The Jakarta Post
Jakarta, which has topped various lists of cities with the world’s worst traffic, enters a new era this year. Next month, it will welcome the country’s first mass rapid transit (MRT) and the capital’s first light rail transit (LRT).
Today, the usage of public transportation in the capital stands at 24 percent, a far cry from the targeted 60 percent. The government hopes the new transit modes will see more people leave their cars or motorbikes at home and opt for public transportation to get around the city.
This year, in the words of Jakarta Transportation Agency head Sigit Widjatmiko, would be “the year of integration”. Passengers can expect to easily hop between different modes of transportation on a trip.
For instance, LRT passengers who wish to continue their trip with the city’s rapid bus transit system, Transjakarta, can use a skybridge that will connect the LRT Jakarta International Velodrome Station in Rawamangun, East Jakarta, with the Pemuda bus stop. Meanwhile, Dukuh Atas in Central Jakarta is expected to be a transit point for passengers of the MRT, LRT, Commuter Line, airport train and Transjakarta.
While it is easy to distinguish between buses and trains, all these news trains can get confusing. What is the difference between MRT, LRT Jakarta, LRT Jabodebek and the already-running Commuter Line?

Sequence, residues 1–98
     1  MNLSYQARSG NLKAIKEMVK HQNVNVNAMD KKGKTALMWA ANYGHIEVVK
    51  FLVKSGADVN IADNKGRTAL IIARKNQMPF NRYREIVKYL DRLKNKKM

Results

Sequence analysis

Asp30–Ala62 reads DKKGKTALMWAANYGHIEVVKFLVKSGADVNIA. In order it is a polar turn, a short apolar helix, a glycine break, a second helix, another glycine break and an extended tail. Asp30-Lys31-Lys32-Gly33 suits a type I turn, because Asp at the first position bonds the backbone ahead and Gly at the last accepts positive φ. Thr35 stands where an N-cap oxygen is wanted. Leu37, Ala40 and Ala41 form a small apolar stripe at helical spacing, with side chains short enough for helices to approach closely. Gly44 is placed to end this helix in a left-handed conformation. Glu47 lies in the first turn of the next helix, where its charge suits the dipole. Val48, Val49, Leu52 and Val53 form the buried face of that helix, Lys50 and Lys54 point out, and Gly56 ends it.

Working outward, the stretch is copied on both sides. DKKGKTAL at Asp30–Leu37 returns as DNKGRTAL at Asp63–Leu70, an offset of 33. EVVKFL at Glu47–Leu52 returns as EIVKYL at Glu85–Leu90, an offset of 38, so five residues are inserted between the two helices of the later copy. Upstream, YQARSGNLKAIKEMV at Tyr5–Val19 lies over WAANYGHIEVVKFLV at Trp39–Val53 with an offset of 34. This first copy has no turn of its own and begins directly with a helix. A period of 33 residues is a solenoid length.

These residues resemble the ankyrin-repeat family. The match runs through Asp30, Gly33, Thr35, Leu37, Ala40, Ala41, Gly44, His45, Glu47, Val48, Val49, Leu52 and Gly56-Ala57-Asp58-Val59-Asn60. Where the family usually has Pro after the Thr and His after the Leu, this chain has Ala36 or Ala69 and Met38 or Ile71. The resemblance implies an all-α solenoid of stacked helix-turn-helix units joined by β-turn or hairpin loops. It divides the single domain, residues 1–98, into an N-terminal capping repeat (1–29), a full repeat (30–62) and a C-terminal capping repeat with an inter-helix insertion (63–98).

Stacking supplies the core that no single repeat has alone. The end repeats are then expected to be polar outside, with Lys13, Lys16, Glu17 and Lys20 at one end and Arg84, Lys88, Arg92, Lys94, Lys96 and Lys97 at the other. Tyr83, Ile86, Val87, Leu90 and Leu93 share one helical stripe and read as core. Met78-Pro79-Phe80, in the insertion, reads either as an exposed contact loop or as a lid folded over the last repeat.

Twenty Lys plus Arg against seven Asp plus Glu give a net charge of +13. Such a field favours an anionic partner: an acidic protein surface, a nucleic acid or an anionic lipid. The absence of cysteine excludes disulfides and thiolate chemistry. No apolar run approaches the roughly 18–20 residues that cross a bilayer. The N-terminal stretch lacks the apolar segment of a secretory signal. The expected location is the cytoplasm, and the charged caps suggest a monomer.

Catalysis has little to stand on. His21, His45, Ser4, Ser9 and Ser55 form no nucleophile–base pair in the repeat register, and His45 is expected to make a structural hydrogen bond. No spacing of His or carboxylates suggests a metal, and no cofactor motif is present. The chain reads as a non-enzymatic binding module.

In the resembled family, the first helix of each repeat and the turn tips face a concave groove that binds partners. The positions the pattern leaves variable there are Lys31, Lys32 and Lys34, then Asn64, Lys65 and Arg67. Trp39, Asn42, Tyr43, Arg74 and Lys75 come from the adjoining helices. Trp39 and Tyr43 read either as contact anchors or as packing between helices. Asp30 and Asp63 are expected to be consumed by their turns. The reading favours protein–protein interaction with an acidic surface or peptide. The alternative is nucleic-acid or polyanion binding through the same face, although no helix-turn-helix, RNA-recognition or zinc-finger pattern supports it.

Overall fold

Most sophisticated mode in town
The MRT is expected to run by the end of March. The 15.7-kilometer first phase of the MRT is currently at 99 percent completion, connecting Lebak Bulus in South Jakarta and the Hotel Indonesia traffic circle in Central Jakarta. The second phase will link the Hotel Indonesia traffic circle with Kampung Bandan, completing the north-south line, to be followed by the last phase for the west-east line.
An MRT train passes over Jl. Sisingamanganraja in South Jakarta during a trial run in October. (JP/Seto Wardhana)
Sixteen trains are ready for operation, each consisting of six cars. MRT cars are heavier than those of the Commuter Line, weighing 31 to 35 tons each. The trains are 118 meters long and capable of carrying 1,200 to 1,800 passengers. The MRT is expected to carry 173,400 passengers per day.
The MRT runs at up to 80 kilometers per hour underground and 100 km/h on elevated sections of the line. With the MRT, the journey from Lebak Bulus to Hotel Indonesia will take 30 minutes. With the initial routes and units, the interval between trains is expected to be five minutes.